Acknowledging that their Vanderbilt University degrees will grant 2018 graduates a wide range of options, Chancellor Nicholas S. Zeppos offered up five specific ways to use their education for good.
He addressed about 1,740 undergraduates and 2,160 graduate and professional students on Friday morning at a sunny ceremony that drew thousands more friends and relatives.
“Whether your plan is to plumb the mysteries of the universe or lead a Fortune 500 company, your education equips you to do mighty things,” Zeppos said. “And in the words of that immortal philosopher Stan Lee, ‘With great power comes great responsibility.’”
His five suggestions were:
Serve your country: “Pick your challenge: Poverty. American competitiveness. Climate change. Infrastructure. Education. Democracy. Anyone looking to lend a hand need not look far.”
Bring back civil discourse: “As educated people, you not only know how to make a fact-based argument, you also know how to listen. You have experience living and working with people different from yourselves.”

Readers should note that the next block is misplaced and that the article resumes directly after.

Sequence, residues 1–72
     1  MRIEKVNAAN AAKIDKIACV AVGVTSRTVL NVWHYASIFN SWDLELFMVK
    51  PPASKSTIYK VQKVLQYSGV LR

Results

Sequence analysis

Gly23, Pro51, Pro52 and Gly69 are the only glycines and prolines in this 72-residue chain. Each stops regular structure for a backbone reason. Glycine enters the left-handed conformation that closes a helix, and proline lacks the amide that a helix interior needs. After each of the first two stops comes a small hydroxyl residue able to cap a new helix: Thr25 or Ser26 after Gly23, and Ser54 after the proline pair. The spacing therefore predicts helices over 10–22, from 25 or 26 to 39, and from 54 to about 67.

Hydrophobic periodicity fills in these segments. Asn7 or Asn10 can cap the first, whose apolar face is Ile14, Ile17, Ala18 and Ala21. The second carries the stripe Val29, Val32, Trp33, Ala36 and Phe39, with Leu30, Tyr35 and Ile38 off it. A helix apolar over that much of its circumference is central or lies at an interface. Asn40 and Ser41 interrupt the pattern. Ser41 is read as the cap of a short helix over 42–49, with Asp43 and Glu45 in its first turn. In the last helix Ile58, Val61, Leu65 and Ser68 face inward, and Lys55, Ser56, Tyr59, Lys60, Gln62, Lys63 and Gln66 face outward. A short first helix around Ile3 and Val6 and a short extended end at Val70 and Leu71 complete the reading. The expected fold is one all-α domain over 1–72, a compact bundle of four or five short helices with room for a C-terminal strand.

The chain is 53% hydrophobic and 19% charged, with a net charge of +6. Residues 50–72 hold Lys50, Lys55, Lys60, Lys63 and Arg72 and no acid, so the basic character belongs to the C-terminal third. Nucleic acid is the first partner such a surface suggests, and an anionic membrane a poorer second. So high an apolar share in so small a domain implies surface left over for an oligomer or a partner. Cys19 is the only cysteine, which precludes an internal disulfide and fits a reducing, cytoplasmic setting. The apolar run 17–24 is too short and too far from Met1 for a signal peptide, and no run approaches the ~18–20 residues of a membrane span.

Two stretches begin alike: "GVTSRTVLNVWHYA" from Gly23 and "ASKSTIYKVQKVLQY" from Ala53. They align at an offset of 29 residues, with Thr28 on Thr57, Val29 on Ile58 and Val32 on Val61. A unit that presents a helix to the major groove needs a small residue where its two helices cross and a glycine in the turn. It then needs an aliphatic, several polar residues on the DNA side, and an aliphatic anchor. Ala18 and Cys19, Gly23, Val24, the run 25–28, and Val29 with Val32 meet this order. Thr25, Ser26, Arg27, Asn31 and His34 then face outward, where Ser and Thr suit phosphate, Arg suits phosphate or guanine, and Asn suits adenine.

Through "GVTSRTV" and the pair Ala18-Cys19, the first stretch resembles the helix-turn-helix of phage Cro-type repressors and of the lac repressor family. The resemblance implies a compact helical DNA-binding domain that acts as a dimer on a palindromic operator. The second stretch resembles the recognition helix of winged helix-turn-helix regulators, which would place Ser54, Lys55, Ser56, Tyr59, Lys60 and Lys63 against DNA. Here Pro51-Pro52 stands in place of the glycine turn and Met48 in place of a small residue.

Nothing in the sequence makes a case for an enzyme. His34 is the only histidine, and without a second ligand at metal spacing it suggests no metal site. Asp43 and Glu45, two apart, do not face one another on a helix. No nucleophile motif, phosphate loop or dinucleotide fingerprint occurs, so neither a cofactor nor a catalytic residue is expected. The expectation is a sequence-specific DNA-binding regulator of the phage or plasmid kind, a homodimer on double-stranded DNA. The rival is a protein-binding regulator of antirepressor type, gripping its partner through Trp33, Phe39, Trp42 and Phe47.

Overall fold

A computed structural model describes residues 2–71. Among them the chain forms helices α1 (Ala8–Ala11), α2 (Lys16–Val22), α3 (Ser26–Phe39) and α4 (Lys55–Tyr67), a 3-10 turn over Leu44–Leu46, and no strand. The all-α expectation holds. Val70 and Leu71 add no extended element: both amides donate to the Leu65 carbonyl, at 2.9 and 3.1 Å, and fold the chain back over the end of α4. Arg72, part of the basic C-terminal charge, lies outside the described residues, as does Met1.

Stand up for slow: “You can make time to think. To reflect. To have actual conversations and to read actual books. At Vanderbilt, you’ve been asked to be deliberate, intentional and thoughtful. You can build that same breathing room into your lives moving forward.”
Advocate for higher education: “There are many of you who will move up economically thanks to your education, as I did. Please don’t pull the ladder up behind you. Instead, extend a hand to others hungry for the same opportunity.”
Choose optimism: “Whatever fate has in store for you, you can choose to face it with a positive attitude. What you have learned at Vanderbilt equips you to start always from a position of optimism — to have a bias toward being a problem-solver.”
At Thursday’s Senior Day lecture, graduates and their families heard from international human rights lawyer Amal Clooney on the subject of courage.